Illustration: © Lars-Erik Håkansson
There are reduction pathways that would make a global target of below 1.5°C possible, but they require negative CO2 emissions in the second half of this century.
On behalf of Climate Action Network Europe and AirClim, Climate Analytics has analysed the adequacy and feasibility of limiting global warming to below 1.5°C. The report describes the effects of climate change for people and the environment at 0.8, 1.5, 2 and 4 degrees C global warming, and states that in the past century and in particular the last few decades the world has seen signals of anthropogenic climate change emerging as diverse as rapid sea-ice thinning in the Arctic, monthly and seasonal temperature extremes, extreme droughts in the Mediterranean, decline of coral reefs and negative effects on agricultural yields.
The report says that hypothetically, if all emissions were to be eliminated immediately, delays in the climate system and abrupt changes in atmospheric radiative forcing would let warming continue to rise to a best-guess level of 1.2°C above the preindustrial level, before embarking on a gradual decline.
It is of course not possible to stop global emissions of greenhouse gases abruptly, but Climate Analytics identifies emission reduction pathways which would at least make a global target of below 1.5°C possible. These pathways would allow for a temporary overshooting of a greenhouse gas concentration of below 400 ppm CO2eq, which is equivalent to around 1.5°C of warming, but in the long term concentrations would drop as a result of the proposed measures.
New energy and socioeconomic models from the scientific literature achieve the required low emission levels through the following key measures:
- Early and globally concerted mitigation, emission reductions implementefrom 2013 onwards and global emission peak by 2020 without use of nuclear energy.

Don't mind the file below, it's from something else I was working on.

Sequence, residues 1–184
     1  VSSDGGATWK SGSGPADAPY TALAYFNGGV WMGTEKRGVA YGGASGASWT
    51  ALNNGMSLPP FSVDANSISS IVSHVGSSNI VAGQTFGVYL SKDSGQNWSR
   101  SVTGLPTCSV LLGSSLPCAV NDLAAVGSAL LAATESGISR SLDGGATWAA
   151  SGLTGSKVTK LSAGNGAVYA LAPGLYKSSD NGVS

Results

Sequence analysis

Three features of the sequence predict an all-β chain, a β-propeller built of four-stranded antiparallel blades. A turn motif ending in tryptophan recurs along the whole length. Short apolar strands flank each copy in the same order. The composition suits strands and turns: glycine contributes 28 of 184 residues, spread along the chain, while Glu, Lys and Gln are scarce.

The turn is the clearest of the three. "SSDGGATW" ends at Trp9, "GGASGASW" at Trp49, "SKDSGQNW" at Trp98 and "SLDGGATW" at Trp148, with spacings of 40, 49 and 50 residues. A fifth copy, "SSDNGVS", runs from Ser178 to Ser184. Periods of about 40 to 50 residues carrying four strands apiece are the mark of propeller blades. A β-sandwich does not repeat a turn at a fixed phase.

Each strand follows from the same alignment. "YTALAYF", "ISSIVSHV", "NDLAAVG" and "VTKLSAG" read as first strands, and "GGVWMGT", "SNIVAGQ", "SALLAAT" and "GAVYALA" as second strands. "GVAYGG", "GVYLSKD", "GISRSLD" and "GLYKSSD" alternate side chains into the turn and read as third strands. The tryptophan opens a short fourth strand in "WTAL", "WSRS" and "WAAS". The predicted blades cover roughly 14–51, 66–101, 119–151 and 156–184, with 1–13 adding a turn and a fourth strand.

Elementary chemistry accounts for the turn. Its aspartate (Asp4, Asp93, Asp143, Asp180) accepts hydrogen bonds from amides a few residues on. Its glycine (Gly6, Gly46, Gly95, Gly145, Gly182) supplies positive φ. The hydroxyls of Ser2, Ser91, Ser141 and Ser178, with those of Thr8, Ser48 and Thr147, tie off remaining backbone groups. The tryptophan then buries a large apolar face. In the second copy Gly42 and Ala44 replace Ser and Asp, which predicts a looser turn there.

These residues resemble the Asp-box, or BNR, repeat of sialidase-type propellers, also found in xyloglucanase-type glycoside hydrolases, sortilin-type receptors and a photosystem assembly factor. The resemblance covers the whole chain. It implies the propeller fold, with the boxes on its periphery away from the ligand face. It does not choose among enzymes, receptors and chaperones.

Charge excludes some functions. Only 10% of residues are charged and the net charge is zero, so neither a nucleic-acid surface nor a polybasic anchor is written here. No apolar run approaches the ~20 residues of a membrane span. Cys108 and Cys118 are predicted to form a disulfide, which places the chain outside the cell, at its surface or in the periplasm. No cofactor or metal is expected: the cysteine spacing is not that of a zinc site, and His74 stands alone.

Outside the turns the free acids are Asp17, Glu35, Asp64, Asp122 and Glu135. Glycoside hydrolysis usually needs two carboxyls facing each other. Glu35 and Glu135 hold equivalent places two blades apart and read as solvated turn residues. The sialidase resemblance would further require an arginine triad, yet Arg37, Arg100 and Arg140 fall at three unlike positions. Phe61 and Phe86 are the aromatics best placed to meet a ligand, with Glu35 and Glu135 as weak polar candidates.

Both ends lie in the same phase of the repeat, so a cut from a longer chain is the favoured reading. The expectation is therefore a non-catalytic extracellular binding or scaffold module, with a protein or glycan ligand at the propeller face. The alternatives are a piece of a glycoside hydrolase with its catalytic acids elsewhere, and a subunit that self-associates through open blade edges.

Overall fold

- Rapid up-scaling and feasibility of large-scale bio-energy, and availability of forest sinks.
- High rates of energy efficiency improvements.
- Availability of carbon capture and storage technologies for bioenergy (BCCS).
According to Climate Analytics, long-term 1.5 and 2°C emission scenarios overlap until the 2030s, but a 1.5°C scenario requires deeper reductions in the rest of the 21st century with the following pathway:
“Constrained by actual emissions until 2010 and the limited energy-economic reduction potential until the 2020s, 1.5°C scenarios necessarily require net negative CO2 emissions in the second half of the 21st century.
The later the emissions peak, the more CO2 needs to be removed from the atmosphere starting around the 2050s. Due to slowly responding carbon pools in the Earth system, a large part of emitted CO2 stays in the atmosphere for centuries, which is why emissions need to be reduced to near zero to stabilise concentrations. However, this also means that concentrations decrease only slowly, unless CO2 is taken out of the atmosphere by human interventions. As biomass takes up carbon from the atmosphere through photosynthesis, capturing the CO2 from biomass energy systems and storing it underground, it in effect produces useful forms of energy for society (electricity) while taking CO2 out of the atmosphere – a negative emission. CO2 removal also helps to limit acidification of the oceans.”
Climate Analytics explains in the report that non-CO2 measures must never be interpreted as a means for “buying time” to allow delayed reductions in CO2. “The probability of exceeding a 2°C warming in the 21st century more than doubles from 20% to 50%, if CO2 reductions were delayed by just 10 years, with compensation in the near term by non-CO2 measures. Given the slow removal of CO2 from the atmosphere, this effect is set to linger for centuries. Also, after a delay in CO2 reductions, energy-related CO2 reduction rates need to be almost double those in a “least-cost” low-emission pathway with early CO2 measures. Without these higher reduction rates to “catch up”, the CO2 concentration and warming by 2100 will be even higher. From a multi-decadal perspective, delay scenarios have been shown to be riskier, with required faster CO2 reductions after a 10-year delay too expensive and/or technically infeasible. The IEA’s “World Energy Outlook 2011” states that: “Delaying action is a false economy: for every $1 of investment avoided in the power sector before 2020 an additional $4.3 would need to be spent after 2020 to compensate for the increased emissions.”
Today more than 100 countries support the 1.5°C target and in the UN Climate Convention this year a review process has been initiated to possibly adopt this target and reach a decision in 2015 about a reduction pathway for greenhouse gases that would make it possible to reach this long-term global limit.
APC 29: Adequacy and feasibility of the 1.5°C long-term global limit by Michiel Schaeffer, Bill Hare, Marcia Rocha & Joeri Rogelj fromClimate Analytics.